Friday, August 29, 2008

The Unreliable Narrator

I watched The Sixth Sense again two nights ago. First, I suppose I should raise the obligatory red spoiler flag, although you'd have to have lived under a rock the past nine years to not know about one of the best plot twists ever put to film.

I'm fascinated with the unreliable narrator concept. I believe that we are the unreliable narrators of our own lives. Our experiences, emotions, values, fears-every aspect of our inner story is a veritable 64 Crayola box of shades and truths.

As my final pages loom, I worry about the predictability of my ending. Is it possible the story I've lived with for nine months, one as familiar to me as the scratches on my maple desk, is just as transparent to a new reader? Has the complete reveal of the story become so tiresome that I crave a mind-bending twist to wake up my weary imagination? I'm tempted.

In my previous novel, Chasing Midnight, I experimented with an unreliable narrator and it worked. Completely and, I hope, memorably. Will this become a signature of mine? Things not always what they seem?

Writer and director M. Night Shyamalan is the crown prince of unreliable narration. In The Sixth Sense, Bruce Willis' character, Dr. Malcolm Crowe, does not arrive at the truth of his own death until the movie's final scene. The audience feels the impact alongside Malcolm, a moment of ultimate identification and perfect oneness with the character. In Shyamalan's 2004 film, The Village, Lucas and Ivy prove unreliable as the truth about the community is revealed. The result is a richer understanding of motivation and character than if the story had been told from the elder's viewpoint.

Memento, Donnie Darko and an entire list of some of my favorite movies use unreliable narrators. It reminds me of old episodes of The Twilight Zone I would lap up when I was ten where the characters suddenly realized they were figurines in a dollhouse or part of a small microcosm in an alien world. Maybe a bit deus ex machina so prevalent in science fiction of the time, but the reversal of perspective is a theme I gravitate to. Even Lost has dipped its toes into this form of narrative twist. But do audiences ever feel betrayed?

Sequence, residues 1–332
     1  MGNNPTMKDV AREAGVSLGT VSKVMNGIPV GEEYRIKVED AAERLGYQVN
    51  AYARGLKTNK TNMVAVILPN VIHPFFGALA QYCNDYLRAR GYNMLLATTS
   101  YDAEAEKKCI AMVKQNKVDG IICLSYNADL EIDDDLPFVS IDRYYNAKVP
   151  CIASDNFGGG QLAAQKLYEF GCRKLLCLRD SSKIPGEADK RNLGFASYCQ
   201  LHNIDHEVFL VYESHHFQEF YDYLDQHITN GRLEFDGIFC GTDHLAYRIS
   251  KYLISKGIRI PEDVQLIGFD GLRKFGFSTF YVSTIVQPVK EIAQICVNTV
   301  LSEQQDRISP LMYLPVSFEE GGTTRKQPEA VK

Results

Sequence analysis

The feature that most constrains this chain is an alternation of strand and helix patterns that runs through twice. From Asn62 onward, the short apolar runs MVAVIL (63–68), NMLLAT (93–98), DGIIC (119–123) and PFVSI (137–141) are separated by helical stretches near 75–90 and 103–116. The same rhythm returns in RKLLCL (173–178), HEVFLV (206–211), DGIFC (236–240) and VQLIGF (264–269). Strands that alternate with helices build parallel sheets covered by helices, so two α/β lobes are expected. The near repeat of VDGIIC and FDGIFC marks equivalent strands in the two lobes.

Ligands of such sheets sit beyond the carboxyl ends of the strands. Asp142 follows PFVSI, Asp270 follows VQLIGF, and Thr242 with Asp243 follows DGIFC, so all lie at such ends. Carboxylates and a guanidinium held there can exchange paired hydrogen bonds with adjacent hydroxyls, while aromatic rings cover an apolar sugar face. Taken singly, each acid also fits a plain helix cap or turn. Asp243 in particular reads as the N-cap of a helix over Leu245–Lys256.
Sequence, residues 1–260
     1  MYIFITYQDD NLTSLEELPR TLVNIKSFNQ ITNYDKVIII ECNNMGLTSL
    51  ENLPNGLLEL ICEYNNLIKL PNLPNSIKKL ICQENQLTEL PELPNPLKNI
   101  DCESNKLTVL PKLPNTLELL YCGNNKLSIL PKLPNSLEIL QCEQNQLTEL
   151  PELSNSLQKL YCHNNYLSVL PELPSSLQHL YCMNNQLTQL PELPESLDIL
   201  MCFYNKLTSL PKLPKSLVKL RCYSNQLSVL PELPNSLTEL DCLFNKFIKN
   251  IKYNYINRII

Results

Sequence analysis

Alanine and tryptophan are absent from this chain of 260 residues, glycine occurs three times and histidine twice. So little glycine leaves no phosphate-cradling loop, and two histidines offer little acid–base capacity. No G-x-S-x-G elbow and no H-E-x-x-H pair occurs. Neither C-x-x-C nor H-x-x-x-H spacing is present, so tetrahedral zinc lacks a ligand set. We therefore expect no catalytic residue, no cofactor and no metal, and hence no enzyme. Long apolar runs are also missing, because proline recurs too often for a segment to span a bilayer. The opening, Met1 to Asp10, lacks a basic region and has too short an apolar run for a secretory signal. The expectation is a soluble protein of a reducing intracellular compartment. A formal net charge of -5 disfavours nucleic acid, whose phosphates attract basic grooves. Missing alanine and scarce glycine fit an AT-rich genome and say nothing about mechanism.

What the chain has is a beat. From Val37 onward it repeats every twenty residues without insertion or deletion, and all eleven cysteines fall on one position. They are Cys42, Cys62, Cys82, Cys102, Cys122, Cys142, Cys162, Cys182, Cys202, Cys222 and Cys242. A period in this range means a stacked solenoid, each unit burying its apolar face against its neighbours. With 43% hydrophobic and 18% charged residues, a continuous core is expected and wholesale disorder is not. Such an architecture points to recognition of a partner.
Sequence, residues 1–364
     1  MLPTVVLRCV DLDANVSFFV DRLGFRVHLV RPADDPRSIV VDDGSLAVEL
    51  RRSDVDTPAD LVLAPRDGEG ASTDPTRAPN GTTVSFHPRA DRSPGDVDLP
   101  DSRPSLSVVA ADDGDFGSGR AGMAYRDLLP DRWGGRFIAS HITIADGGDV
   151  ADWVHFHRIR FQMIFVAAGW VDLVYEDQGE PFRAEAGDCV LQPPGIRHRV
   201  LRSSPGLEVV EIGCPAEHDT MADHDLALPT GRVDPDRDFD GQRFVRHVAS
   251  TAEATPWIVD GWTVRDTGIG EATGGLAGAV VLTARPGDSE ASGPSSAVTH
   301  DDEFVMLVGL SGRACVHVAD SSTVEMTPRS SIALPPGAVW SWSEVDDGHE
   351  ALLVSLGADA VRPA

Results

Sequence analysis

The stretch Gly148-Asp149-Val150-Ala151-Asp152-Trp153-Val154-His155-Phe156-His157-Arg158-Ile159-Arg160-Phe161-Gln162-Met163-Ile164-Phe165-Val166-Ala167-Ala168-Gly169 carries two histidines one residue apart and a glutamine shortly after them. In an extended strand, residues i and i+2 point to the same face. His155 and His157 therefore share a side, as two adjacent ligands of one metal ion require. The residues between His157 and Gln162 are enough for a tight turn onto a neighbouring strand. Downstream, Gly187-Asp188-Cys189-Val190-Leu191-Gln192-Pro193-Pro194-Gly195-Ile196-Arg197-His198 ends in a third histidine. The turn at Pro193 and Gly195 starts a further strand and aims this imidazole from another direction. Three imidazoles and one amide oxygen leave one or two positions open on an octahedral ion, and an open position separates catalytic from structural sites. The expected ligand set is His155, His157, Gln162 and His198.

Writers enter into an emotional contract with the reader in the first few pages and build a healthy relationship of trust. Just as writers want to create a tale worthy of the paper on which it's printed, readers want to immerse themselves in a story worthy of their expectations.

Is a twist so monumental that it has the capacity to upend every thread, every realization to that moment, the ultimate betrayal of that trust?

Chime in...

Tuesday, August 26, 2008

Why Six? I Have No Idea.

Who am I to stand in the way of web karma? Thanks to Melanie, I'll subject everyone here to a self-indulgent display of six unspectacular things about me. Maybe someone will realize we were separated at birth or that my simultaneous affinity for Sebastian Bach and Willie Nelson is wholly disturbing and block the Vortex feeds. Nevertheless...onward.

1. My musical tastes are polar. In one day I can wax nostalgic on Johnny Cash or Waylon Jennings and remember long family car rides across the Texas panhandle when I was ten, then turn on the arena rock satellite channel and know every word of an Anthrax song. Top forty makes me want to pull my fingernails out with pliers. I use music to connect to my stories and characters, but I can't listen while I write.

2. I try not to eat while I write-it's distracting and messy-but if I do, it's either the heavier-than-a-brick lemon bar at Spot #2 or it's black pepper popcorn in a porcelain snowman bowl. Hey, it's hot here. A girl can dream, right?

3. My most hated chore is matching socks. Normally, I'm a patient individual, but it all seems so cyclical and pointless. I'd rather send the masses to kneel at the altar of the sock basket each day. Dig, people. Dig!

4. In most of my recent dreams, I'm back in college. I have no idea what this means.

5. I completely understand why the show "Wipeout" is such a hit. The host's sarcasm along with my propensity to giggle madly at the ungraceful, physical misfortune of others-and myself-has evoked tears at times. This, no doubt, comes from the same place within that has appreciated History of the World, Part 1 and Airplane more times than should be allowed.

6. My secret writing fantasy is to ghostwrite a series for beginning chapter book readers that is so wildly popular, movies and McDonald's tie-ins soon follow. The income stream will make me independently wealthy so I can afford a mountain cottage to hole up in and write commercial fiction.

Here's where I deviate from the rules. If you like, pretend I tagged you. If the thought of a meme saddled to your web persona like an albatross leaves you cringing and clicking your browser's back button, have no fear. Everyone here is off the hook.

Have a great day!

Monday, August 25, 2008

Traditional or Enhanced?